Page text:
Sanctions Issued for Discovery Violations in Superstorm Sandy Litigation
Recently, Magistrate Judge Gary R. Brown sitting in the Eastern District of New York sanctioned Wright National Flood Insurance Company (“Wright”) following Wright’s failure to disclose a “draft” report generated by an engineering firm hired by Wright to inspect it’s insured’s property after Superstorm Sandy. Significantly, the sanctions were imposed even though Wright and its counsel were unaware of the report’s existence.
The case, Raimey v. Wright National Flood Insurance Co., (E.D.N.Y. Nov. 7, 2014), is part of the widely publicized consolidated civil action in the Eastern District titled “In Re: Hurricane Sandy.” The purpose of the consolidated action is to facilitate prompt and efficient resolution of Sandy-related cases through streamlined discovery procedures and mandated disclosures.
By way of background, after Superstorm Sandy damaged the rental home of its insureds, Deborah Raimey and Larry Raisfeld (“Plaintiffs”), Wright engaged the services of U.S. Forensics to investigate the scope and cause of the damage. George Hernemar (“Hernemar”), a licensed engineer with U.S. Forensics inspected the property and prepared a report in which he opined that the subject building was structurally damaged and that repair of the building was not economically viable (the “Original Report”). The Original Report was thereafter peer-reviewed by Michael Garive (“Garive”). Garive, without ever inspecting the property, substantively changed the report and concluded that the property was not structurally damaged and that the uneven roof slopes, leaning exterior walls and the uneven floor surfaces were the result of the long-term differential movement of the supporting soils at the site and long-term deflection of the building framing. Garive’s changes were ultimately incorporated into the Final Report which was issued by U.S. Forensics to Wright. Wright relied upon the Final Report in denying Plaintiffs’ claim.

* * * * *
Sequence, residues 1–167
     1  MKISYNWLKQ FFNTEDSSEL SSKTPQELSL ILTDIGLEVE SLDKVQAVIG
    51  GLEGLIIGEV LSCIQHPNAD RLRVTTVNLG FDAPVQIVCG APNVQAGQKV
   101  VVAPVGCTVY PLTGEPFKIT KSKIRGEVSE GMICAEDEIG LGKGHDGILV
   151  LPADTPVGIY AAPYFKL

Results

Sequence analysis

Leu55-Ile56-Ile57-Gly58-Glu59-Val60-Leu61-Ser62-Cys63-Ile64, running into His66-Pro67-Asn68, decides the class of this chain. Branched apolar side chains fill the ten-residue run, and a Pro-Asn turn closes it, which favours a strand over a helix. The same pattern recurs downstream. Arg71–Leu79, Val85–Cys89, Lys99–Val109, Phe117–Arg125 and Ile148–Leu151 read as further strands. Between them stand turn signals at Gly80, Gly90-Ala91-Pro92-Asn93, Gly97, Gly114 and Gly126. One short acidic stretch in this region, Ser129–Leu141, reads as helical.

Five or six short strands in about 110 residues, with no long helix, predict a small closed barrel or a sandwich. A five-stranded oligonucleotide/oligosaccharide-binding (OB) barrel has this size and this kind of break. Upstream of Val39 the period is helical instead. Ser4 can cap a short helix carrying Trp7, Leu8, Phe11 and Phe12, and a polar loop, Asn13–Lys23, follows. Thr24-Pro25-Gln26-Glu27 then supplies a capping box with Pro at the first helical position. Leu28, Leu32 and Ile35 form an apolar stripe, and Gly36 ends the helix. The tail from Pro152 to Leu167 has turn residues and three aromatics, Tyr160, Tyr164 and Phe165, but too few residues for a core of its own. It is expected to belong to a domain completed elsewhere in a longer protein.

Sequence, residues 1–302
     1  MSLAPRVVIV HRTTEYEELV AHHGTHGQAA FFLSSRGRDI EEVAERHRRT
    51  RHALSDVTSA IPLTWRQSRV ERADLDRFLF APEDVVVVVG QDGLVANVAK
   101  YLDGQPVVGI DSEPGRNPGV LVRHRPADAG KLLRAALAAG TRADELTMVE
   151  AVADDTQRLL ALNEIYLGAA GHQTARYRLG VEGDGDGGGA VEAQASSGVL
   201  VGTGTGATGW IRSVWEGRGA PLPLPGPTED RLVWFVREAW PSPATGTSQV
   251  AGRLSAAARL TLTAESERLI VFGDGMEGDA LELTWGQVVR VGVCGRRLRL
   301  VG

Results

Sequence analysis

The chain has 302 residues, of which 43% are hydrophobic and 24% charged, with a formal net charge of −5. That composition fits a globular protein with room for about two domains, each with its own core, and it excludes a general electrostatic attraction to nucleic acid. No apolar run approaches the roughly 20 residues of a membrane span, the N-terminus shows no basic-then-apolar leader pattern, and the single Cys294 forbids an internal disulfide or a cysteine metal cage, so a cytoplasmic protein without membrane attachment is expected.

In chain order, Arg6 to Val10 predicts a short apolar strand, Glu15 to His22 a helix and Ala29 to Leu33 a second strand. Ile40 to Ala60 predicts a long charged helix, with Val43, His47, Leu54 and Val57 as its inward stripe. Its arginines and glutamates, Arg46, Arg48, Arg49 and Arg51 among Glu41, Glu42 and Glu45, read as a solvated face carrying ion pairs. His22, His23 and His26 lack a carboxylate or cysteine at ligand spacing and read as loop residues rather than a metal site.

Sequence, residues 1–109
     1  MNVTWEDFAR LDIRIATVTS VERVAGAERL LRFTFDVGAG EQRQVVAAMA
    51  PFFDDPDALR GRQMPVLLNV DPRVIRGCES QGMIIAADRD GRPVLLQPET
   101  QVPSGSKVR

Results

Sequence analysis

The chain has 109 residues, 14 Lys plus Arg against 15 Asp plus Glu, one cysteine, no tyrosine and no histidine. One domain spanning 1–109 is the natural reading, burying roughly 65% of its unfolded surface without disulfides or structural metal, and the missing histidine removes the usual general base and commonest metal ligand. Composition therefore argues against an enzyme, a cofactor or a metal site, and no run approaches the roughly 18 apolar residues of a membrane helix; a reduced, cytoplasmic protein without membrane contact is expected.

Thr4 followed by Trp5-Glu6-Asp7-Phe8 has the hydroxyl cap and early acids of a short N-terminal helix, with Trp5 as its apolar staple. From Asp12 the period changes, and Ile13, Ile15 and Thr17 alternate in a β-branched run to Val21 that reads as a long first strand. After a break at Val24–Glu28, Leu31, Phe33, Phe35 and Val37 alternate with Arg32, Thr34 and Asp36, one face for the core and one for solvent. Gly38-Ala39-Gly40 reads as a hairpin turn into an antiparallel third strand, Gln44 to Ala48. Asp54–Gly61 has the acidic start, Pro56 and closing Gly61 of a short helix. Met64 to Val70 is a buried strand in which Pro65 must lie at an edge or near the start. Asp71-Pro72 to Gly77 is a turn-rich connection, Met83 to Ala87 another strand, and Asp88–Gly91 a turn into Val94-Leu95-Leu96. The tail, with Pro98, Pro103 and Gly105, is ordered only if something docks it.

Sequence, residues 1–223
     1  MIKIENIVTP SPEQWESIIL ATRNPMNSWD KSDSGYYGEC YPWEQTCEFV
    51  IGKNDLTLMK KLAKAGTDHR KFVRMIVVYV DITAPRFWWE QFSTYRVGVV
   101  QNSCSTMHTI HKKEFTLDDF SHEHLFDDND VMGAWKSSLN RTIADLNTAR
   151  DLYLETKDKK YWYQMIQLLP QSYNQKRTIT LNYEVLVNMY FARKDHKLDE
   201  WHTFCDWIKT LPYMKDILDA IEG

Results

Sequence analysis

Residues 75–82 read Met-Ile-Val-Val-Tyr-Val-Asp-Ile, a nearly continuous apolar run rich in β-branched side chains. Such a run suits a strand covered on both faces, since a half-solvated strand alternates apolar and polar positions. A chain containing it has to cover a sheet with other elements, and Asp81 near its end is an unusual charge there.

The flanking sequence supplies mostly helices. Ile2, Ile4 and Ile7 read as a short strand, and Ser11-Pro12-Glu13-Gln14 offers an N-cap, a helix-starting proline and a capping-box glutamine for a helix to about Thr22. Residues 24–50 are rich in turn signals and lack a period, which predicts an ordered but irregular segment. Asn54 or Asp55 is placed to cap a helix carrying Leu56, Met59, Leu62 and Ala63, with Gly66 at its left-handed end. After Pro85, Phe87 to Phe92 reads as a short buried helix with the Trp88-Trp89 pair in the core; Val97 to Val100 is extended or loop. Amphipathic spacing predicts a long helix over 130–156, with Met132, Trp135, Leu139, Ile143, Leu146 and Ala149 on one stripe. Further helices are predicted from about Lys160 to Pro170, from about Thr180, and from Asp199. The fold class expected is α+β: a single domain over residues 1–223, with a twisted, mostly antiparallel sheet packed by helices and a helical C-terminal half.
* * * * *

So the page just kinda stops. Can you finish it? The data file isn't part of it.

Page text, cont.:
Wright did not produce the Original Report during discovery and by all accounts did not know of its existence until Plaintiffs brought it to light following a failed attempt at mediation. Judge Brown held that Wright had an obligation to affirmatively ask U.S. Forensics for all draft reports and that Wright violated the case management orders by failing to obtain and produce the Original Report. Accordingly, Judge Brown issued sanctions against Wright and its counsel. Specifically, Wright was prohibited from supporting its defenses or opposing Plaintiffs’ claims with any expert testimony other than that of Hernemar and Plaintiffs were permitted to seek all fees and costs associated with the evidentiary hearing.
Additionally, with respect to all other Superstorm Sandy cases, Judge Brown ordered that all defendants provide any “drafts, redlines, markups, reports, notes, measurements, photographs and written communications related thereto—prepared, collected or taken by any engineer, adjuster or other agent or contractor….”
Notably, Judge Brown’s ruling issued approximately two weeks after it awarded attorney fees against Narragansett Bay Insurance Company in another Superstorm Sandy case. Cohen v. Narragansett Bay Insurance Company, No. 14-cv-3623 (PKC) (fees awarded for improper removal of the insured’s state court suit where the amount in controversy was far below the $75,000 threshold).
Since Judge Brown’s Order, United States Senator Robert Menendez issued a letter seeking a full investigation into the fraudulent altering of reports by carrier friendly experts. Additionally, Chip Merlin of the Merlin Group, a liaison to Plaintiffs’ in Superstorm Sandy litigation, also issued a letter urging New Jersey’s federal court presiding over consolidated Sandy-related actions to adopt Judge Brown’s Order in Raimey.